So, if your family depends on ground maize as a major source of sustenance (as hundreds of millions do) the cost of your main staple since 2005 has gone up 135 percent while the average cost of gas for us poor Americans has gone up 50 percent.
He goes on to blame American ag policy for allowing American farmers to sell heavily subsidized farm products to third world countries instead of making them grow their own food (which is another way of saying they should be paying more for their food anyway). Our ag policy certainly has problems, as witnessed by the present biofuel debacle among other issues, but raising the price of food for the poor by turning it into fuel is not the way to fix past transgressions. And doesn’t this argument undercut the previous one that biofuels have not significantly impacted food prices? Our farmers happily take every subsidy offered and every customer willing to buy, as any sane person would.
He shows us a clip of timber being taken out of a forest instead of a satellite photo showing the thousands of square miles lost to soybeans. More is presently lost to logging and pasture than soybeans for sure, but that’s because only a tiny fraction of a percent of our fuel is presently made from biodiesel. Scale that up and watch what would happen. We all know the strawman by now; are biofuels really solely responsible for destabilizing food prices? No, Mr. Biodiesel enthusiast, they represent just one of the factors contributing to it, as every article I have ever seen clearly points out, except for those by biofuel enthusiasts dusting off the aforementioned strawman.
He goes on to blame two articles in Science (which used science to prove what common sense would suggest: biofuel crops grown and stuffed into our SUVs displace food crops and therefore carbon sinks in other parts of the world) for the media backlash against biofuels.
He asks “How can biodiesel possibly be worse than oil?” Here you go. Look at figure 3, “Comparison of aggregated environmental impacts.” It lists just about every biofuel under production (and then some) and does not even include the latest findings on crop displacement and nitrous oxide releases.
The guy calling for school boards all across America to demand that biodiesel be burned in school buses (instead of having them retrofitted with modern air pollution devices) showed up twice.
Toward the end, Tickell summed up with a very simple graphic how he thinks we should displace fossil-fuel use. It was a barrel of oil sliced into sections. According to my notes it went something like this: renewable biofuels, biomass, wind, solar, frosting — no wait, that must be plug-ins, efficiency, and getting out of our cars. Compare that to the graphs you sometimes see here on Gristmill. Tickell seems not to even realize that the second leading cause of global warming is land-use change. Indonesia and Brazil are right behind the United States and China in greenhouse-gas release thanks to deforestation, which didn’t make the list, or at least, I could not find that word in my notes.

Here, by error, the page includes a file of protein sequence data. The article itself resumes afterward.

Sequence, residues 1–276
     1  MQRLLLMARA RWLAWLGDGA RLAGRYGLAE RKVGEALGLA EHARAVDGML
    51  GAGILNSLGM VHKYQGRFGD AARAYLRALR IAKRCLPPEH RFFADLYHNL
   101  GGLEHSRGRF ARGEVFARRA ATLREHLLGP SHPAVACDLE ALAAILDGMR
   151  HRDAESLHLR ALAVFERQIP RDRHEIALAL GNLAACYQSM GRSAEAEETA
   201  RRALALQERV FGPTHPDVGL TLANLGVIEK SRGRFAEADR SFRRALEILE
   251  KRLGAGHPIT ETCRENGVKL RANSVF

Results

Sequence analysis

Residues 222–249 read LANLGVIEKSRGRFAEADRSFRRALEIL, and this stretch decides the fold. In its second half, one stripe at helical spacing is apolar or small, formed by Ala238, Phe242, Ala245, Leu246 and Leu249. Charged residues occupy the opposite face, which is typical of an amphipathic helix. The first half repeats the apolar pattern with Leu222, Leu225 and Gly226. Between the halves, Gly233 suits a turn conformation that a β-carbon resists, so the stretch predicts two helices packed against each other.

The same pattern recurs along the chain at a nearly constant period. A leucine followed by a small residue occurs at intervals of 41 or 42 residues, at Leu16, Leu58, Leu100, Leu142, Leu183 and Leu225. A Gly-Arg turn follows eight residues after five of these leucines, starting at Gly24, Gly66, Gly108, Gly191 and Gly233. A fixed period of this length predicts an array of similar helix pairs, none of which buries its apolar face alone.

After the movie one of the promoters gave a little pep talk to the crowd before Representative Inslee appeared. She admonished us to fact check and to not blindly believe what we read in newspapers. Big oil is spreading misinformation about biodiesel, don’t you know. Odd that biodiesel enthusiasts were not asking us to fact check the media all those years when it was telling us that biodiesel smelled like popcorn and was carbon neutral. It would be grown locally and end wars fought over resources. It would not affect food prices, limit biodiversity, encroach on conservation reserve land, blah, blah, blah.
During Inslee’s chat he mentioned three generations of biofuels: first generation (food-based), cellulosic, and finally algae. I must have blinked when cellulosic came and went and I still don’t see any algae. Why anyone would want to be a politician in today’s complex world is beyond me. I was mildly tempted to raise my hand and ask him how he planned to implement Washington State’s biofuel mandates without using food-based biofuels but thought better of it.
Believe it or not, having said all that, I still recommend seeing this film. I actually enjoyed it and who knows what it will look like six months from now. I think Tickell has great skill as a film director (and editor). I hope this film launches his career. If I had the money I’d hire him for a project or two. There are bigger fish to fry. He needs to turn this talent loose on coal and deforestation.